'South Park' creators Matt Parker and Trey Stone frequently skewer authority figures Photo: GETTY IMAGES NORTH AMERICA/AFP/File
entertainment

'South Park' creators issue mock apology over China censorship

32 Comments
By KEVORK DJANSEZIAN

The creators of "South Park" have issued a mock apology to China after censors scrubbed their popular animation from the Chinese web.

The tongue-in-cheek statement, skewering Beijing's demands that western brands conform to its world view, came with officials apparently annoyed about an episode that crossed several of the Communist Party's red lines.

The episode -- called "Band in China" -- depicted forced labor at a Chinese prison, and parodied companies that cave-in to censorship for commercial gain.

"I can't sell my soul like this," says one character, who was under pressure from Chinese censors to rewrite his music.

"It's not worth living in a world where China controls my country's art," he added.

The incident comes as the NBA and its Houston Rockets franchise are facing fierce criticism and financial punishment in China over a tweet supporting Hong Kong's democracy protesters.

Both the league and the team have scrambled to apologize over the tweet by Rockets' general manager Daryl Morey, as calls for a boycott gather steam in one of the NBA's most lucrative markets.

But the apologies have sparked derision in the United States, where critics said the league was sacrificing morals for money.

Writing on Twitter, "South Park" creators Trey Parker and Matt Stone offered spoof contrition over any offense they had caused in China with their satirical show.

"Like the NBA, we welcome the Chinese censors into our homes and into our hearts," they wrote.

"We too love money more than freedom and democracy. Xi doesn’t look just like Winnie the Pooh at all," the statement added, a reference to banned memes comparing Chinese President Xi Jinping with AA Milne's portly bear.

"Long live the Great Communist Party of China! May this autumn's sorghum harvest be bountiful! We good now China?" the statement read.

On Tuesday, searches for "South Park" on China's Twitter-like social media platform Weibo and popular film review site Douban did not return any results.

And while information on South Park was still available on a few video streaming sites, episodes could not be played.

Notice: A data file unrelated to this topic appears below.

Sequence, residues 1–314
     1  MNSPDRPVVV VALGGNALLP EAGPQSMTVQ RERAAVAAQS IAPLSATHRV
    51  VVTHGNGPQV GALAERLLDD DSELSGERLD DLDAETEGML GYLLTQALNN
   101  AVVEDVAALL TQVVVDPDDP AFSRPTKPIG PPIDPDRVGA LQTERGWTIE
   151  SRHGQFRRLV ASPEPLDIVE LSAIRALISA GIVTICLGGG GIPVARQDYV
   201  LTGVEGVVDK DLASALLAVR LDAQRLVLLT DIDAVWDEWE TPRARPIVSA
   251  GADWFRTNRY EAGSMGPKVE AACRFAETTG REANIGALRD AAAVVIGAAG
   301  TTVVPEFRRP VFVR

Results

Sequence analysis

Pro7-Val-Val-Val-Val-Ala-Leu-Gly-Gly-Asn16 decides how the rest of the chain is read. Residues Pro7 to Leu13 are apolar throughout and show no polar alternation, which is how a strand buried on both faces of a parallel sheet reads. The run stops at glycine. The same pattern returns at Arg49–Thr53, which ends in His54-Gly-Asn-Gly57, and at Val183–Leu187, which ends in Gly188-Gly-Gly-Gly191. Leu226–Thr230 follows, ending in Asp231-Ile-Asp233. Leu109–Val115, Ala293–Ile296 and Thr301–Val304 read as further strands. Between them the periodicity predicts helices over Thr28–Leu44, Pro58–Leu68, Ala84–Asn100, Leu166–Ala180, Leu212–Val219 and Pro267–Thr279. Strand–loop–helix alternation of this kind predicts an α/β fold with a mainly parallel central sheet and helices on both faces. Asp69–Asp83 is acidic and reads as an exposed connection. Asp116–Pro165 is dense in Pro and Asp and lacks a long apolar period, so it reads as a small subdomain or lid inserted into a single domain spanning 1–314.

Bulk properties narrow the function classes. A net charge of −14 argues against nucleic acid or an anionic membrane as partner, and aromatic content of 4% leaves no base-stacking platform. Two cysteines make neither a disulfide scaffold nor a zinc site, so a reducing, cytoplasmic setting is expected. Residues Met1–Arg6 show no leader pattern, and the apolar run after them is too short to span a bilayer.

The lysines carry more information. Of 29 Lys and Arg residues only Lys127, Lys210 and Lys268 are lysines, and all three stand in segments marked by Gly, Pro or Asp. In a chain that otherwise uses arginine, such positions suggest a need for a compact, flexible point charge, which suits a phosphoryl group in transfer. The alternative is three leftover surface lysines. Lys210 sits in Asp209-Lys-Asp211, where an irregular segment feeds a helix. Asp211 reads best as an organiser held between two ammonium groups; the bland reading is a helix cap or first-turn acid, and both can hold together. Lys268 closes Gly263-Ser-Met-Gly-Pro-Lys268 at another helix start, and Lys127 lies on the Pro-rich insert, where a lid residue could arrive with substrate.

Parker and Stone's response to China stands in stark contrast to that of major Western brands who have quickly beaten a retreat when faced with potential losses in China's huge -- and fiercely nationalistic -- consumer market.

Companies ranging from airlines to fashion houses have issued fulsome apologies, often after being charged with "hurting the feelings of the Chinese people".

As well as any indication of support for protests in Hong Kong, common crimes include labeling Taiwan as a separate country -- China believes it is a renegade province -- or discussing Xinjiang, where rights groups say a million mostly-Muslim minorities are being held in prison camps.

© 2019 AFP

©2019 GPlusMedia Inc.

32 Comments
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Mr Parker and Mr Stone have used their creation to show the world what humor can do.

China has no answer for them!

31 ( +32 / -1 )

How many non-Chinese companies looked the other way as they gave in to CCP demands?

There are probably too many to list. They were too afraid to bring WTO charges rather than give all their intellectual property, training their replacements and now they get to compete everywhere in the world against subsidized Chinese companies. Hope they made their quarterly sales targets.

17 ( +18 / -1 )

You've got to love and admire the controversial stands 'South Park' takes unless you hate the freedom of speech.

26 ( +27 / -1 )

This does not surprise me. However, I was surprised that "South Parks" was allowed access in China being the kind of cartoon it is.

12 ( +13 / -1 )

This is why they're the best! America's greatest contribution to our world/society.

China & NBA hypocrites, killing 2 birds with one stone here.

17 ( +18 / -1 )

Very good indeed. More power to them!

14 ( +15 / -1 )

Good. We must all take a stand against china.

14 ( +15 / -1 )

NBA glad to sacrifice freedom for dough.

12 ( +13 / -1 )

I love humor that respects no limits, even if it offends! Free speech only means something if it includes speech that offends.

These days free speech seems to be viewed as only speech that doesn't offend or that only conforms to what is acceptable.

Awesome to see the South Park creators address this issue in the context of China's censorship and to do so in such a humorous manner!

13 ( +14 / -1 )

South Park is the best!